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Traitor' Kiss Reviews

Marital and martial matters collide when brides and spies become ensnared in a treasonous plot. A matchmaker’s apprentice, 16-year-old Sage Fowler accompanies a bevy of noble brides on their way to the quinquennial Concordium. Not a bastard—despite her botanical name—but an orphaned poor relation, the unmarriageable, white Sage cannily observes servants and ladies until her spycraft catches the attention of the military and the mysterious, “dusky”-complexioned Ash Carter. The brides’ escort of royal soldiers (and incognito royalty) provides protection…and also seeks to stop an impending revolt by disgruntled nobles and a raid by desperate—if one-dimensionally barbaric—Kimisar bandits. Soon, Sage and the soldiers must save the brides, the prince, and the kingdom. As indicated by cuisine and clothing, Demora is a pre-industrial, vaguely European nation bound by marriage and divided by class. Sage is a clever, contrary female protagonist who remains realistic and likable, while her fellow protagonist Ash is enigmatic enough to require a second read. Debut author Beaty overcomes a pedestrian fantasy premise and built world through her complex characterization, deftly layered adventure story, and balanced blend of political maneuvering, romantic interludes, and action scenes. This is one series opener that really merits a sequel. Both epic and intimate, a semi–old-fashioned alternative to the wave of inexplicably lethal superheroines and their smoldering love triangles. (Adventure. 14-adult)

BONUS: Read an alternate perspective of That Chapter on the Fierce Reads website!

Politics and peril unfurl slowly in this old-fashioned sequel.

Eighteen-year-old former matchmaker’s assistant Sage Fowler now serves as a royal tutor and unauthorized spy, eager to protect Demora against its neighbors: hostile Kimisara and enigmatic Casmun. Tasked with training an elite unit and uncovering rogue Kimisar soldiers, 20-something Capt. Alexander Quinn takes the army to the borderlands, Sage and 14-year-old Prince Nicholas in tow. Haunted by his brother’s death, Alex keeps Sage at a distance, fearing that his love for her endangers everyone around him. When an attack forces the Demorans into an uneasy alliance with the isolated desert-dwelling Casmuni, Sage and Alex find their diplomatic skills, military experience, and even romance tested. While white Sage is dismayed by discrimination against darker-complexioned Alex, who had an Aristelan mother, her adventures rely heavily on stereotypical fantasy racial divisions pitting the pale Northerners (who read as European) against the darker Southerners (described as living in formerly nomadic, desert-based, slightly exoticized societies). Lacking lavish fantasy elements and heavily focused on politics and war, Beaty’s (Traitor’s Kiss, 2017) tale resembles a more YA-friendly Game of Thrones and recalls classic novels such as Tamora Pierce’s Alanna series and Robin McKinley’s Blue Sword.Plentiful action scenes, unflinching but never gratuitous violence, and a smoldering yet still-chaste romance should keep readers’ appetites whetted for the third installment. (Fantasy. 14-18)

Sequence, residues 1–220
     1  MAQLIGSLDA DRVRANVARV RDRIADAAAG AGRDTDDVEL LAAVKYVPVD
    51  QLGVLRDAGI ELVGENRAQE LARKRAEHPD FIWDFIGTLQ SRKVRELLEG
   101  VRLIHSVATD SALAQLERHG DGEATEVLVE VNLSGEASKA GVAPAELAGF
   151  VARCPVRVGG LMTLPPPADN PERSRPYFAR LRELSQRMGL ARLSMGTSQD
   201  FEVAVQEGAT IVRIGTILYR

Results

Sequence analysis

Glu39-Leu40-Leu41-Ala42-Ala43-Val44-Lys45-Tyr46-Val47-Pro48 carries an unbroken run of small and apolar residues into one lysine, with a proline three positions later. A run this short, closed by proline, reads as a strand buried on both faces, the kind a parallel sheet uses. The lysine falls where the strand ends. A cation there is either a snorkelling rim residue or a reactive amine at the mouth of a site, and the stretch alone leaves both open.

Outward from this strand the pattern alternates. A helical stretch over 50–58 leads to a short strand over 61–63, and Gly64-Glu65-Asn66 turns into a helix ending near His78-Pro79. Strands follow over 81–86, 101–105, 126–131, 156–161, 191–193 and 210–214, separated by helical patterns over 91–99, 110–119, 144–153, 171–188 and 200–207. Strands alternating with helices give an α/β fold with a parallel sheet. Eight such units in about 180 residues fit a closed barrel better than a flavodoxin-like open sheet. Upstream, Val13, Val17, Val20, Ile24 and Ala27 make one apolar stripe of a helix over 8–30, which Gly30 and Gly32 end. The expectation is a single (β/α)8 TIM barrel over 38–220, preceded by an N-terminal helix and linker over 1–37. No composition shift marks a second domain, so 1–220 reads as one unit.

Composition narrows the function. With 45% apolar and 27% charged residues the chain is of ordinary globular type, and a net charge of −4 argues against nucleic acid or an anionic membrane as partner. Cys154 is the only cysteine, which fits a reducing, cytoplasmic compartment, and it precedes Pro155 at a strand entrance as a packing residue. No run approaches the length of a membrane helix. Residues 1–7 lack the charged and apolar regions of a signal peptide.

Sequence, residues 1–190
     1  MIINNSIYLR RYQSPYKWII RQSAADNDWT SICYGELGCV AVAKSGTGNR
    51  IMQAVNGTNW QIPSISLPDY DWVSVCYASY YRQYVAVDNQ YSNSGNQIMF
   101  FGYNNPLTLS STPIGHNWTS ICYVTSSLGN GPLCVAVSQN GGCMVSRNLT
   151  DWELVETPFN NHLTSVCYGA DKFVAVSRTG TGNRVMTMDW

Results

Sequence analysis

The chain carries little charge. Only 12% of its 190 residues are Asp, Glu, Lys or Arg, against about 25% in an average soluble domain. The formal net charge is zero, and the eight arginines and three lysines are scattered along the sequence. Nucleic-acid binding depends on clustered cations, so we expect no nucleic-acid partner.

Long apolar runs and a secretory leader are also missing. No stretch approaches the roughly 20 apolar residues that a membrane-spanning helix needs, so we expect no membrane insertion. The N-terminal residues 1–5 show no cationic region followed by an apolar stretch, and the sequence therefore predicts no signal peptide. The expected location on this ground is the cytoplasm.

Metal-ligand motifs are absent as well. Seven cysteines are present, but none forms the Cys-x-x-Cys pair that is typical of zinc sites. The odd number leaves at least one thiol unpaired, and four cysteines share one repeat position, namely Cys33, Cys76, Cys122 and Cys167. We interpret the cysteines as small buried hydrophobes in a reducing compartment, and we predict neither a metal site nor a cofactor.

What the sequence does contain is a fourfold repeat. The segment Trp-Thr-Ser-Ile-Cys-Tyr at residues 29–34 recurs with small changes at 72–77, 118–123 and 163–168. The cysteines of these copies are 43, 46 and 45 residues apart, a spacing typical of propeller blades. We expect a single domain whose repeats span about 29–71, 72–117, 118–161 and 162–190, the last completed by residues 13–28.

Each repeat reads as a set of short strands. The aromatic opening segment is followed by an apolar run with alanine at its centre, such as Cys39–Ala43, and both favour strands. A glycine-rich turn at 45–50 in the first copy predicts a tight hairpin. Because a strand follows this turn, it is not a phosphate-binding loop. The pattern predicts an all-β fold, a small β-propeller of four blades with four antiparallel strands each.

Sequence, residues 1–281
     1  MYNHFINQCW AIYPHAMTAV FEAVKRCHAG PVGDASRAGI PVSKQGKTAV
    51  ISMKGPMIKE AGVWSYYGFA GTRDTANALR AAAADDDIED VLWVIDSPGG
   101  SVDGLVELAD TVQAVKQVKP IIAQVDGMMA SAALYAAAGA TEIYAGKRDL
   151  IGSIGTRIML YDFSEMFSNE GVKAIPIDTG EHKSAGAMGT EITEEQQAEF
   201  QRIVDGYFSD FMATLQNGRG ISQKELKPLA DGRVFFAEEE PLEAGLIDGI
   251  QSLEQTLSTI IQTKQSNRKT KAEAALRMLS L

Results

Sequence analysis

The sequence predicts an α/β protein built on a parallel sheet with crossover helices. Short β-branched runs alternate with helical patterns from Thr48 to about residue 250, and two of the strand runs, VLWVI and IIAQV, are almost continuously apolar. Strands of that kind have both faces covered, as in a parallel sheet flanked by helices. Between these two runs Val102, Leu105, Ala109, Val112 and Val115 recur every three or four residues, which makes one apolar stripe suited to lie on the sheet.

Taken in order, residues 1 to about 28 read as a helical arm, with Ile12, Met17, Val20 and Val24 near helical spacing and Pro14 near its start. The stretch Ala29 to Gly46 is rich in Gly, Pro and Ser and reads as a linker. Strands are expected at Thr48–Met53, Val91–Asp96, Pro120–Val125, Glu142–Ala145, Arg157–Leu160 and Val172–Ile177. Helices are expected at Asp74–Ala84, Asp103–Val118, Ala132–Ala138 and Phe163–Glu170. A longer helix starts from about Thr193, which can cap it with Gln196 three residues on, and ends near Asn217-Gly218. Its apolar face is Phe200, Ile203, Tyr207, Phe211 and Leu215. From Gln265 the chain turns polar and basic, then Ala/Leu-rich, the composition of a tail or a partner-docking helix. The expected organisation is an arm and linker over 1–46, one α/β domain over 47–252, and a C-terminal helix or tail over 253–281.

Power grabs spoil peace talks in this trilogy finale.

After saving a Demoran prince, befriending the long-estranged, desert-dwelling Casmuni, and deploying a dreadful weapon against a Kimisar army, Sage Fowler seeks peace between the three contentious kingdoms. Now an ambassador with powerful allies among the royals of Demora and Casmun, teenage Sage’s solitary schemes alienate her friends and frustrate her loyal love interest, Maj. Alex Quinn. When assassins interrupt Sage’s clandestine rendezvous with Kimisara’s Queen Regent Zoraya, the women flee, and Sage scrambles to protect Zoraya, Casmuni Princess Lani, and her grieving Demoran friend, Lady Clare Holloway. Feminist Sage wants peace but also empowerment for the women of all the kingdoms; always strategizing, Sage insists that women be queens, not pawns in this political chess game. Amid danger, romance still blooms: Sage and Alex contemplate marriage while Lani, Clare, and Zoraya also encounter love. Like a PG-13 Game of Thrones, the flurry of political and military maneuvering unfolds against a pre-industrial, Northern-European–like setting. Many Demorans—such as Clare and Sage—are white, in contrast to the usually bronze-skinned, dark-haired Casmuni and Kimisar. Beaty (Traitor’s Ruin, 2018, etc.) offers flawed, flailing, and often furious characters grounded in reality and sans superpowers or inexplicable skills.

A satisfying and suspenseful end to a solid political fantasy series. (map) (Fantasy. 12-18)

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